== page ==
Throughout Rogue One we see a lot of shades of grey within the Alliance. Jyn, Saw, Cassian, and Draven are the biggest examples of this. Within each of those two duos is one protégé and one old warrior who has given everything to this war dating as far back as the Clone Wars. Saw and Draven are incredibly fascinating to compare to one another. Each man is an embodiment of the shades of grey within the Rebellion, and yet they are vastly different people.
Saw was hardened due to being a ground-level revolutionary. He lost his sister Steela early on and has sworn to do whatever it takes to win. As he explained to Jyn in Rebel Rising, “Steela was the best part of me”. When Saw’s new war against the Empire began, “I was smarter that time. I didn’t make the same mistakes I had when Steela was still alive.” Saw never got to stop fighting. He never stopped being the revolutionary with nothing to lose, and that shaped him into a brutal, violent soldier who would do whatever it takes even if he had to be a monster. Saw lost his sister, his soul, and has to force away his daughter to protect her. » Read more..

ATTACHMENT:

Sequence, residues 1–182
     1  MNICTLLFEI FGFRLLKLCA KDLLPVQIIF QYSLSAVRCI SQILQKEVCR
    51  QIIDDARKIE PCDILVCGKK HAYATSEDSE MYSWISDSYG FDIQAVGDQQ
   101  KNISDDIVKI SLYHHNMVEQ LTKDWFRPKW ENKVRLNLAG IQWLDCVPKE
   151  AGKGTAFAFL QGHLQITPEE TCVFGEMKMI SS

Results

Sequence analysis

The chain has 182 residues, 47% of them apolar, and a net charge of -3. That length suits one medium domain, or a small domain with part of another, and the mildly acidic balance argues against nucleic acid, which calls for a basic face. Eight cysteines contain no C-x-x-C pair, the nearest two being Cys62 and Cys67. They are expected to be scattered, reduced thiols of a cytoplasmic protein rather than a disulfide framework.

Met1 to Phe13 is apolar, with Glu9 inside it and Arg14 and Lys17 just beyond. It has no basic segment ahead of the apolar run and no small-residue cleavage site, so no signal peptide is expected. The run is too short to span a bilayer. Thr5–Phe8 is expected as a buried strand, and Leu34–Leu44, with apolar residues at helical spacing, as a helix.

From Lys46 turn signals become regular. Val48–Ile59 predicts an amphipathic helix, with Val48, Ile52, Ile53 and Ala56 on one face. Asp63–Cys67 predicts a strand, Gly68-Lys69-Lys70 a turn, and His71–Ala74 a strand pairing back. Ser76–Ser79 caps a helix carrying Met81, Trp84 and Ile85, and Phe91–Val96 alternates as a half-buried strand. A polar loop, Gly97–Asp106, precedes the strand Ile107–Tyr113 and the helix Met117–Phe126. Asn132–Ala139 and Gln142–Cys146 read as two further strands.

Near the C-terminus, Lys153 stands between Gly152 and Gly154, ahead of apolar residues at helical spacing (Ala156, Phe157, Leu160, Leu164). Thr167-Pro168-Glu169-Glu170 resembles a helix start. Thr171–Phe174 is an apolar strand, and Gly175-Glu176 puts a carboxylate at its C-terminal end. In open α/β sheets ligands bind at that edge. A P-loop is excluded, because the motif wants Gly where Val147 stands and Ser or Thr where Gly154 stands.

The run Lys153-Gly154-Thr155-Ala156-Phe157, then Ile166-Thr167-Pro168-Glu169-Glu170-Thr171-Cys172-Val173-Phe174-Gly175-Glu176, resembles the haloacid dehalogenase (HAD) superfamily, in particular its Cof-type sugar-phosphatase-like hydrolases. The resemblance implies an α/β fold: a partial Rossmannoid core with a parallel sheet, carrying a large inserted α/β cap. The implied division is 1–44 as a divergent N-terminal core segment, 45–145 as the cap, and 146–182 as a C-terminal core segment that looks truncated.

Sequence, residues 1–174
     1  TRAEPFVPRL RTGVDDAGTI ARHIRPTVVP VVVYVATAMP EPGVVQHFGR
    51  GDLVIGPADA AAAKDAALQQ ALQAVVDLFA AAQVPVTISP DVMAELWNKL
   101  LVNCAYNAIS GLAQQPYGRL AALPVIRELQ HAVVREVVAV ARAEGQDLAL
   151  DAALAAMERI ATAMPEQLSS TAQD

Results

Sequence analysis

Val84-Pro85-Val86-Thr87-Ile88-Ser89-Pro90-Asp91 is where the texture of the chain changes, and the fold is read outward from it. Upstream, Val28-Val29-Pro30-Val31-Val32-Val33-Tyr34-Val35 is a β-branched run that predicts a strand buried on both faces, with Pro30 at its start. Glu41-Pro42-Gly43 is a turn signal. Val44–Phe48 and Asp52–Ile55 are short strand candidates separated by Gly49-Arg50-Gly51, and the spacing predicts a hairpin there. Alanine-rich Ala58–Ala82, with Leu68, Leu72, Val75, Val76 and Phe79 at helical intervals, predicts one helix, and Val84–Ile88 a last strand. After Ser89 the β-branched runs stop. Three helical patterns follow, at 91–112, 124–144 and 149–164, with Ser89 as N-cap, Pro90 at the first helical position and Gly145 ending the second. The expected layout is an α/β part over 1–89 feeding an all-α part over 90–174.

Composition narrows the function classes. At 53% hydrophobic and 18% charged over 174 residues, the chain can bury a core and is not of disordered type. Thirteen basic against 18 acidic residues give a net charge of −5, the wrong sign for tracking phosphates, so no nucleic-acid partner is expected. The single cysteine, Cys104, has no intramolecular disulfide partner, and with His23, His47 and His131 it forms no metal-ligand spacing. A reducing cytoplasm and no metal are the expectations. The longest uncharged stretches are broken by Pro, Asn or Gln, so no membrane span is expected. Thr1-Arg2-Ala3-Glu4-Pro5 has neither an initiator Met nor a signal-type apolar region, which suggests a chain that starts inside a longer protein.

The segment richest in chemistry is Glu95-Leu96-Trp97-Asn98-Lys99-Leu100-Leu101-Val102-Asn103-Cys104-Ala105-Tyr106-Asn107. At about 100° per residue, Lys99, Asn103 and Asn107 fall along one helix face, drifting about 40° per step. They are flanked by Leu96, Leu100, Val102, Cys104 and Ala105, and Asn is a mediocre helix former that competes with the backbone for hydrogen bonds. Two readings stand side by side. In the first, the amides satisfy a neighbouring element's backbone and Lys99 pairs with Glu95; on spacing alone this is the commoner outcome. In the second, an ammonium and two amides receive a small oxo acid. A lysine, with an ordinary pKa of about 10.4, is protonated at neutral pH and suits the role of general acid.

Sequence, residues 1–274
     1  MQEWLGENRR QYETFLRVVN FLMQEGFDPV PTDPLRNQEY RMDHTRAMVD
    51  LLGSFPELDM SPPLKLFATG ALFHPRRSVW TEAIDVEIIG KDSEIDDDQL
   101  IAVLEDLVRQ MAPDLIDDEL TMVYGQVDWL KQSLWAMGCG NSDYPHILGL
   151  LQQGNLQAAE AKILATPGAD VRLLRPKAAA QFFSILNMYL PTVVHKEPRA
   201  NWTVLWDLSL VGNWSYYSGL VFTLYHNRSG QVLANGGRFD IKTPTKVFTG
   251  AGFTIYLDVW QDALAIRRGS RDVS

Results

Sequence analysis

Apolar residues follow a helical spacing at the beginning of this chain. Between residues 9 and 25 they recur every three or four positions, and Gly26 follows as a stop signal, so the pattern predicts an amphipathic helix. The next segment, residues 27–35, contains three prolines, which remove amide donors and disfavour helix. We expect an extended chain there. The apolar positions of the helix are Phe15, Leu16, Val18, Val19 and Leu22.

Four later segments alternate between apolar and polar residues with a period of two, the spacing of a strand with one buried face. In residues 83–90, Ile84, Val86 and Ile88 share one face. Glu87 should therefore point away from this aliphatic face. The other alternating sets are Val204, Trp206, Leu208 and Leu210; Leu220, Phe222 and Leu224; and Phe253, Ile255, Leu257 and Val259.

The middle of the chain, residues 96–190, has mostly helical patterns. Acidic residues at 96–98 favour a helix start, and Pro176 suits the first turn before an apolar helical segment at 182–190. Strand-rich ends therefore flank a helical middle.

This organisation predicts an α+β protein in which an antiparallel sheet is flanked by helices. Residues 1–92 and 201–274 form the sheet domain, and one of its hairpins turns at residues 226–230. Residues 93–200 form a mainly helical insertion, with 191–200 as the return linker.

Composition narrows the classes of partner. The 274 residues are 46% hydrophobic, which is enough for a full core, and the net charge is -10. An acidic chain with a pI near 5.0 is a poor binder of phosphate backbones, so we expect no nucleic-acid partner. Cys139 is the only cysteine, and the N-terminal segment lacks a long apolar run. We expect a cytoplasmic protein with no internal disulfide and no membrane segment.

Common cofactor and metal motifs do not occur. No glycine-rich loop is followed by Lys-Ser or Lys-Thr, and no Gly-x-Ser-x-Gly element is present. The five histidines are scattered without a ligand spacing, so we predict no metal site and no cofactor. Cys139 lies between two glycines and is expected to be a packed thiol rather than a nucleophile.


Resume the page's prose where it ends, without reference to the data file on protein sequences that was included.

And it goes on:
When no one answers the Resistance’s call for reinforcements on Crait in the final act of The Last Jedi, one can reach for a number of explanations: the chaos following the destruction of the New Republic government, individual systems’ lack of weaponry given the disarmament acts following the Battle of Jakku. One possible factor, however, plays into the heart of one of the sequel trilogy’s chief concerns, the idea of legacy. In the novel Bloodline by Claudia Grey, the truth of Darth Vader’s progeny is revealed, causing a massive scandal that forces Leia to leave the New Republic senate and tarnishes her name. That level of public disgrace could have easily endured the six years leading to the Battle of Crait, potential allies’ silence translating to a deep sense of distrust.